It will always be a challenge to cater for a wide range of backgrounds and experiences in these two day intensive courses. That is not to say that we should give up. I hope it will get better as the number of bootcamps increases. That way it will be easier to run bootcamps for the varying levels of experience.

Finally, don’t do what we did and use green and yellow post-it notes. I couldn’t tell them apart standing at the front. Still everyone drew a sad face or a cross on the yellow one which was fun. Also swap instructors more often than you might think: over an hour is too long. Oh, and bring a whiteboard pen!

The Oxford Software Carpentry Boot Camp … one year on.

In October 2012 I organised a at the University of Oxford. I’ve previously posted I gathered immediately before and after the boot camp, but thought it would be interesting to see if all that enthusiasm actually translated into deeds i.e. did the attendees actually change how they worked as result of the boot camp? So almost exactly a year after the boot camp I sent around a similar survey to the attendees. Inevitably some email addresses were now invalid so I only received responses from 13 of the attendees (as compared to 25 immediately after the workshop). To encourage responses, I only asked three questions and two of these followed on from questions I had previously asked. So what did I find out?

1. How would you describe your expertise in the following tools?


This was broadly encouraging: no tool was described as “never heard of it” and bash had a big shift compared to before the boot camp and now everyone either “used it regularly” or “used it but don’t understand it”. We had a big focus on python and the numpy and scipy modules, as well as , which is a python module specific to my field — people’s expertise in these does appear to have been improved by the workshop with some attendees “using [them] regularly” or now “expert”. Some tools, such as version control, make or unit testing only progressed from “never heard of it / used occasionally ” to “used occasionally / use it but don’t understand it”, illustrating how difficult it is to change behaviour.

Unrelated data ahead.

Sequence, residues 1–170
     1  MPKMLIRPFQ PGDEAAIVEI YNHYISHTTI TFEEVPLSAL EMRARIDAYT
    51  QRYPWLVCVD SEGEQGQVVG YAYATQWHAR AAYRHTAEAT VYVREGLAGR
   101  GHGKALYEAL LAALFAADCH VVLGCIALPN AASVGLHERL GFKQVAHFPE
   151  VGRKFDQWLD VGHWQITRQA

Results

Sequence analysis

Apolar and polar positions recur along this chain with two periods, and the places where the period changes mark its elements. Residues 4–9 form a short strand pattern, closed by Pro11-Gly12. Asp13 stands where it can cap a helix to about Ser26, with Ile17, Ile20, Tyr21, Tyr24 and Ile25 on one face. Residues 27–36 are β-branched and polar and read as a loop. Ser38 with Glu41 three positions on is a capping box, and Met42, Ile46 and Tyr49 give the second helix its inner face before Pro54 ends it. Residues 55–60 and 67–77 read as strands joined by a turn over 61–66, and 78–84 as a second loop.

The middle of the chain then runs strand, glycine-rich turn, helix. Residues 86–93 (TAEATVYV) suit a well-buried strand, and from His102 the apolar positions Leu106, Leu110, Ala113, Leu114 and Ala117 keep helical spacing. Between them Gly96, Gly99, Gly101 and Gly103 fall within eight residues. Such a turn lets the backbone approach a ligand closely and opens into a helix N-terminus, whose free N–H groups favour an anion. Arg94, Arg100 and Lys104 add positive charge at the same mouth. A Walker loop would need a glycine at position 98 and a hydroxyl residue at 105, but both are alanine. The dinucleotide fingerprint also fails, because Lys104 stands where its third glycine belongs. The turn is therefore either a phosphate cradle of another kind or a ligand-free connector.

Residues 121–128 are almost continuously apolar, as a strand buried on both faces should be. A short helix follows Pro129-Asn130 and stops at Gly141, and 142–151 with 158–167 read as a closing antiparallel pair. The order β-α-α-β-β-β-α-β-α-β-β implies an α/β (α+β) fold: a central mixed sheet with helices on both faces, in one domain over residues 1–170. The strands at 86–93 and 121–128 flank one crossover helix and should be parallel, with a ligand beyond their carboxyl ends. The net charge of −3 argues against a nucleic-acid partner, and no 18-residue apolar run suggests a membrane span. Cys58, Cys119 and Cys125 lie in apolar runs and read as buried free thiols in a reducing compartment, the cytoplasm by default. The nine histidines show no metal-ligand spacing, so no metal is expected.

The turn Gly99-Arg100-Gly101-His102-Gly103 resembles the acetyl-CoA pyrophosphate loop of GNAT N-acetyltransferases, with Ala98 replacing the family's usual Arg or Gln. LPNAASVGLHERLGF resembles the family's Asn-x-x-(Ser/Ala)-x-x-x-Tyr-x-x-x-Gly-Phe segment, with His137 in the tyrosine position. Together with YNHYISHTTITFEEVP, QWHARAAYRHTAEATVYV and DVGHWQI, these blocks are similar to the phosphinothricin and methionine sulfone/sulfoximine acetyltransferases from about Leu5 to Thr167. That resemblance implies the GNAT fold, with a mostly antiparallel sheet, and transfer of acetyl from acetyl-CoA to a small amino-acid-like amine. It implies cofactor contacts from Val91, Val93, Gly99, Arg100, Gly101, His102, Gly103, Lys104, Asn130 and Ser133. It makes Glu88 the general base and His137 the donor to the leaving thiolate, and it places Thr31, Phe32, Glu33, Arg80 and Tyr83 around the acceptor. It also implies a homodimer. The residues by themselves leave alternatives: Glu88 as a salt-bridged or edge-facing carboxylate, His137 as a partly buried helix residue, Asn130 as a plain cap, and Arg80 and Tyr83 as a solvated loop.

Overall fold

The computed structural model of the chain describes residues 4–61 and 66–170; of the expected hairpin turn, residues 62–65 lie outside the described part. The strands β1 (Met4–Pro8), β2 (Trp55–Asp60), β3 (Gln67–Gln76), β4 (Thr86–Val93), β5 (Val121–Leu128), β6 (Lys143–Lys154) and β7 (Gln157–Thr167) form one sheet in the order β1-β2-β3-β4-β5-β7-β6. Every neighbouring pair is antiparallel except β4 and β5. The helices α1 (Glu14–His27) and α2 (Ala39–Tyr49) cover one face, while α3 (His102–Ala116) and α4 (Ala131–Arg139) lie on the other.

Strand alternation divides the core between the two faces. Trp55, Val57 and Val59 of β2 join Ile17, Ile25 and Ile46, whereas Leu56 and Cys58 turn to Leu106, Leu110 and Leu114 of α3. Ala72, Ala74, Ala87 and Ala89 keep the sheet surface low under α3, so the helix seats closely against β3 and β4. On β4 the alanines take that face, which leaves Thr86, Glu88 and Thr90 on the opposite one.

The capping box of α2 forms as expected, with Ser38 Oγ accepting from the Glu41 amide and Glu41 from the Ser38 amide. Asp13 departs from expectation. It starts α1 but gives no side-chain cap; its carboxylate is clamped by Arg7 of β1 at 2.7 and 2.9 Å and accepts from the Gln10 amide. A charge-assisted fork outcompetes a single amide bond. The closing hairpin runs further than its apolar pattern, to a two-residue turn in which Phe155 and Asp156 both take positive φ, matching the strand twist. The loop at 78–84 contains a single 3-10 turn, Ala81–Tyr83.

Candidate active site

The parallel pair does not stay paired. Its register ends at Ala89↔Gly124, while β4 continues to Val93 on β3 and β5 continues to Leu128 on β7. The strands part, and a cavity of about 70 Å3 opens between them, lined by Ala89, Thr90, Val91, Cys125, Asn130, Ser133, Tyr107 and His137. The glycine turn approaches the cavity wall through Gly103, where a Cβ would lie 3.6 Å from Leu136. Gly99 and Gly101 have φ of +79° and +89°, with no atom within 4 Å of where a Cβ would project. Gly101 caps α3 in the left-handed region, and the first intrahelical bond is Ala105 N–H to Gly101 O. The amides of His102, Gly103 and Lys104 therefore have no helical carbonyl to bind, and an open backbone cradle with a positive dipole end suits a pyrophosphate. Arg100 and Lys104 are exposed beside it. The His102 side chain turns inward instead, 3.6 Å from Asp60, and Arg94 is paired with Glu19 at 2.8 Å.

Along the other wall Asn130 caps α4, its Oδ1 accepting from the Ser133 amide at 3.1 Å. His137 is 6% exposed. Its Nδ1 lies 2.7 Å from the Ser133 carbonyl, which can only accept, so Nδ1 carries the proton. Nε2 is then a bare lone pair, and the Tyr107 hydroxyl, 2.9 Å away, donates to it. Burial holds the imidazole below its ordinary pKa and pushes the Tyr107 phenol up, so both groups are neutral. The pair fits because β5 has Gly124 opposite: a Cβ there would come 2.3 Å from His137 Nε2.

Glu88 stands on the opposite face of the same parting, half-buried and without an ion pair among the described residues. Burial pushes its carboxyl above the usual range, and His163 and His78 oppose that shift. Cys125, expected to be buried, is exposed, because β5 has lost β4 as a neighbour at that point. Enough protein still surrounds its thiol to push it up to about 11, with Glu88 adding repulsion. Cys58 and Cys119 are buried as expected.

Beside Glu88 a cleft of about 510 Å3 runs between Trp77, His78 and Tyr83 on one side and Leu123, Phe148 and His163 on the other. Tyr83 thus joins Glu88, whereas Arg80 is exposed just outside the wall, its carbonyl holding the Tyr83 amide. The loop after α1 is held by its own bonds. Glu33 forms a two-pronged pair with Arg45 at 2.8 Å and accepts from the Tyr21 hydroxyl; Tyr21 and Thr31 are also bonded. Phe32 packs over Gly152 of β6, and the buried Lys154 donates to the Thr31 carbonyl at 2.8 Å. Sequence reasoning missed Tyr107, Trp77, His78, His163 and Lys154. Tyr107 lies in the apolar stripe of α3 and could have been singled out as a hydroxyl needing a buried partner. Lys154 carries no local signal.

2. I use the tools and methods listed below to help my research.


Immediately after the boot camp I asked “I intend using the tools to help my research” and most attendees appeared willing to give the tools a go. A year on a different picture emerges. People are using bash, python, num

py, scipy and MDAnalysis but are not making much use of version control, make or unit testing. This correlates with their perception, as tested by the first question, since after all if you don’t use something you won’t become proficient.


3. A year on, the workshop really encouraged me to change how I do my research.

Ten people agreed or strongly agreed whilst three people were indifferent. So, overall I think the boot camp was a success, but this feedback also illustrates the difficultly of changing behaviour, especially with short, intensive courses. One shot of Software Carpentry is not necessarily enough…

I’ll finish with the comments that three people were kind enough to leave.

“The workshop was really good but I think it covered only basic applications. Maybe in future workshops a part can cover more advanced applications for more advanced users.”

“Thanks for the really useful course! I have used the skills a lot in the past year, especially for small jobs, which helped me get things done quicker.”

“What about another Software Carpentry workshop? I’d be keen as long as we would expand on the material covered last year.”

Software Carpentry Feedback


As well as asking the attendees how they thought the workshop had gone, I sent them a questionnaire before the workshop. The idea was to see what their expectations were and if the workshop then met them. For example we asked “How would you describe your expertise in the following tools?” and the results are on the right. Overall most people didn’t feel they knew much about the tools we had identified as being potentially most useful. We also asked “What you would like the workshop to cover?” and the answers indicated these tools were relevant (results not shown).